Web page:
Farmers turning to ag-tech for water storage support

Farmers turning to ag-tech for water storage support

Farmers are using ag-tech to drive down the cost of water storage and use, with their eye on achieving a profitable and sustainable future for their businesses.

Acquiring quality water, and storing it, is especially important in preparing and managing farm productivity. Today, farmers are using data-driven decision making to make the most of water storage in order to lower input costs and reduce risks.

NSW Farmers has identified climate variability and high input costs as key factors in growing farm productivity. Farm businesses need support to build resilience, adapt to change and sustainably manage the farm landscape.

According to NSW Farmers’ regional service manager, Daniel Brear when it comes to water, responsibility is shared between the environment and food and fibre production. “Farmers need reliable access to water to produce a crop year on year, to ensure animal health, and for fire safety,” he says.

The provisions for stock and domestic water are well known and immutable. These provisions also enable responses to fire on the property and in surrounding country.

But farmers need reliable access to water to support the growth and harvest of crops as diverse as citrus, grapes, rice and wheat.

“Irrigation crops need reliability of supply for the farmer to manage water across the year,” Daniel says. “One of the challenges we see is farmers stressed because they aren’t sure they will have enough water for their permanent crops – citrus and grapes and the like.

“Within the irrigation schemes in NSW, irrigators are at the whim of the regulators about what water they can access in any given year. The allocations are announced on July 1 and any change can occur during the year, depending on the season.”

Daniel said long term planning required consistency within that year and in following years, especially when crops need to be rotated and to forecast production.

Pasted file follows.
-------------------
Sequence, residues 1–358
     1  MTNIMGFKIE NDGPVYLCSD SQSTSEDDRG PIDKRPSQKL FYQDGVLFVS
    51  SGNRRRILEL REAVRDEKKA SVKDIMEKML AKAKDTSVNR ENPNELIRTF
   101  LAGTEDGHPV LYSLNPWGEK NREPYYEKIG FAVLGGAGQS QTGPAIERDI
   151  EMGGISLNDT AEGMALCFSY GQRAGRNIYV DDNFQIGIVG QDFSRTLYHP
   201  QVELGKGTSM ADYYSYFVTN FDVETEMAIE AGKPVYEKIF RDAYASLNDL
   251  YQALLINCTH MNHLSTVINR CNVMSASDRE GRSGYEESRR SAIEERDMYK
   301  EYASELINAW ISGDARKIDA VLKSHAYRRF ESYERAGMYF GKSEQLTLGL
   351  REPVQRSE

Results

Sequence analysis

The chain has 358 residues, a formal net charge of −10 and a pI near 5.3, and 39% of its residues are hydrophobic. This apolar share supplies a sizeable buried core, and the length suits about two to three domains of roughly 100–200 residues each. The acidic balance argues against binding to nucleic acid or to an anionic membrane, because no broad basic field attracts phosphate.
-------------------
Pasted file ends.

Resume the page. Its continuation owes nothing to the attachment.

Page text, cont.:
Powerful water flowing from a large pipe pump.

Sustainable Water on the scene

Sustainable Water Pty. Ltd. was established by Jim Conley, and Ross Martiensen. Passionate about giving back to the land and helping agricultural productivity. They knew abundant water is available when you know where to look, so they began their mission to help rural communities; those who turn water into food and jobs.

To help farms never run out of water again, they researched and activated modern methodologies in underground water exploration and bore-water production. Utilising proprietary geophysical technologies, they locate, and pinpoint high-quality groundwater bore sites, helping hundreds of Australian farmers such as these: 

“I totally recommend Sustainable Water Solutions’ first-class service to anyone needing underground water to drought-proof their properties or just for a reliable water supply.”  – Jim, Qld 

“Sustainable water predicted various water amounts and qualities at various depths using high tech and delivered. Their three NSW customers before me also found great water.”  – Dave, NSW 

The Sustainable Water team analyses each property’s unique characteristics; surfaces, existing water resources, deeper geological water bearing structures, and geophysical data. 

Following water location, driller experience is then necessary. As they play a crucial role, Sustainable Water’s collaborates with qualified and reliable drillers also committed to sustainability. Their expertise aligned with Sustainable Water’s data-driven technology maximises success.

Bringing scientific technology and good old-fashioned hard work to the table, Sustainable Water continues delivering genuine solutions Australia wide. 

For more information contact Co-Founder Jim Conley, M: 0401 218 879 or jim@sustainablewatersolutions.com.au.

Farmbot’s way forward